That being said, my nervousness hit a bit of a higher peak this Friday when I saw the Avatar trailer in front of the film that provides half of the title for this post. And no, unlike what other movie fans have been expressing, it wasn't the content of the Avatar trailer that bothered me, it was the way that it looked... with those damned 3D glasses on! My eyes couldn't take in the whole image within the frame because they were naturally focused on the pronounced image that was lifted off the screen. That isn't cinematography, that's just theatrics. I've come to accept the of gimmick of 3D as it relates to animated kids films, horror flicks, and B-movies, but Avatar - to my knowledge - is the first sort of epic, "serious", not totally animated, feature film that is pushing the 3D aesthetic. What I'm saying, is that I don't really wanna see Scorcese's Sinatra or Spielberg's Lincoln in 3D in the years to come.
But until then... I will admit that the entertainment value of watching the latest Final Destination installment was indeed enhanced... by those damned 3D glasses! (And no, not just because there was some full-frontal 3D bouncing boobies. Not just because...)
The Final Destination franchise is a unique one in that its "sequels" are totally free of the tentacles and roots of the previous films. For the most part, each Final Destination movie is a stand alone clean slate production that - after resetting, for any newbies, the hook of the film - simply tries to one-up the inventive kills of the chapter that preceded it. Further, if you consider that FDs 1 & 3 were directed James Wong while FDs 2 & 4 were directed by David Ellis, then you pretty much have a head-to-head killfest competition taking place - every year or so - right in front of your eyes. One doesn't go into a Final Destination film for story (they're all the same... ending and all).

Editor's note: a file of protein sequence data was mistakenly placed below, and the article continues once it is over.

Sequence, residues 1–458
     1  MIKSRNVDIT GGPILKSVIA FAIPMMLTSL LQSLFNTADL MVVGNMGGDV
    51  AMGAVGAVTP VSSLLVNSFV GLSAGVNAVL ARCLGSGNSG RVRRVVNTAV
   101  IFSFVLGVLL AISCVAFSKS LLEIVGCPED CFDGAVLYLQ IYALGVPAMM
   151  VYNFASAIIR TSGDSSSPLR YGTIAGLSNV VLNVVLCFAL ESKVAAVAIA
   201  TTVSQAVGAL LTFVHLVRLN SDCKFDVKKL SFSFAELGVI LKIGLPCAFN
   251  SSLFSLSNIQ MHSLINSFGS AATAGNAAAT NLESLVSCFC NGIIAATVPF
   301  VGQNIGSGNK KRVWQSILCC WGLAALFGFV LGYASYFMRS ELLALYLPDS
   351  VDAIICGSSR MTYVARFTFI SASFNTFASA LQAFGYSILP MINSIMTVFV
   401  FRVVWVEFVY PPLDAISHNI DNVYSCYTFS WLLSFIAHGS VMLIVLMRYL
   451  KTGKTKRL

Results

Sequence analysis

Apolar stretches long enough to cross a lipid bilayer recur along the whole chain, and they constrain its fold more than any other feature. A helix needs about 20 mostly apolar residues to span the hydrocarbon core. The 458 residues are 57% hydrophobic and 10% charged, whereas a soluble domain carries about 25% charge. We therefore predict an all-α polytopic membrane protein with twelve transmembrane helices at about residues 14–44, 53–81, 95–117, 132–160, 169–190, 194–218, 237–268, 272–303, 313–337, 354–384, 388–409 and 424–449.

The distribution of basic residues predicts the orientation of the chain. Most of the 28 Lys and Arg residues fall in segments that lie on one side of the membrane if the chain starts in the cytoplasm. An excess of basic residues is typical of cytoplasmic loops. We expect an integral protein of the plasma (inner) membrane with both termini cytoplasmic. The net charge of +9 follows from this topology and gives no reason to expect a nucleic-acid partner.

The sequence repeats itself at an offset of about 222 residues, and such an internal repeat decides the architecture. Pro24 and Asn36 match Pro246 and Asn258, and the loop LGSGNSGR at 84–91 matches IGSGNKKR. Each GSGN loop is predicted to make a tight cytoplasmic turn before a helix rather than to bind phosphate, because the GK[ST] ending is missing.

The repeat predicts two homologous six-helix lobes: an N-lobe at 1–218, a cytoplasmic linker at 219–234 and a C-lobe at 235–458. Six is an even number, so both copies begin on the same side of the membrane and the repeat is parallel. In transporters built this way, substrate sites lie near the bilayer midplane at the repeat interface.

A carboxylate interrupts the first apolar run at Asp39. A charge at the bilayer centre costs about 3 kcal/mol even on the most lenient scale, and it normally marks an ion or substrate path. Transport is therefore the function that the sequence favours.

However, I feel the need to applaud the Final Destination series for containing a fear element that - to my knowledge - has otherwise gone untapped in the horror genre, and that is the fear of the freak accident. Maybe y'all don't worry and obsess like I do, but I often ponder the horrific chain of events that could happen if I don't pick up that piece of paper that I dropped on the way to my car. If I decide to not get out of my car and retrieve that sheet, a passerby might slip on it, knock over a can of gasoline sitting in the edge of the curb, which will then pour on over to the guys using a blowtorch next door, and ... KABLAMMO!!! I know, what are the odds? Yeah, well that's the kind of stuff that plagues my mind, not some tired, old bogeyman. So, think about what you might have just done the next time you spill a bit of beverage on the floor of your coffee shop as you leave.
The easiest way to review The Final Destination 3D (aka FD4) would be to simply list each death and rate it on a scale of cleverness. However, that may suck the fun out for the few of you who may actually go and see it. I will say that The Final Destination 3D held me less than the previous two, mainly because David Ellis blows his wad in the film's opening sequence and never fully returns to form. Frontloading your fright film with its most elaborate and slamming sequence is ok as long as you don't go limp for the remaining 70 minutes (btw... FD3D is only 82 minutes! That is pretty much the ideal goofball/slasher horror movie length. Cheers to Ellis for that.), and, sadly, that's almost what David Ellis does. In fact, at least one (and maybe two) of the kills is a retread from the first Final Destination. It's my feeling that David Ellis and screenwriter Eric Bress relied on the gimmick of 3D at the disservice of writing more inventive sequences.
Ahh... but as a local theater hear in town annually hosts a 100 Best Movie Kills compilation night, and as Spike TV's 1000 Ways to Die appears to be a success, and as children (of all ages) continue to play the game of "would you rather die by drowning or burning?", the macabre fascination over how, when, and where our personal demise will greet us seems like something that shall always remain. So, expect Final Destination 5 sometime in, or around, 2012. You can bet your life on it.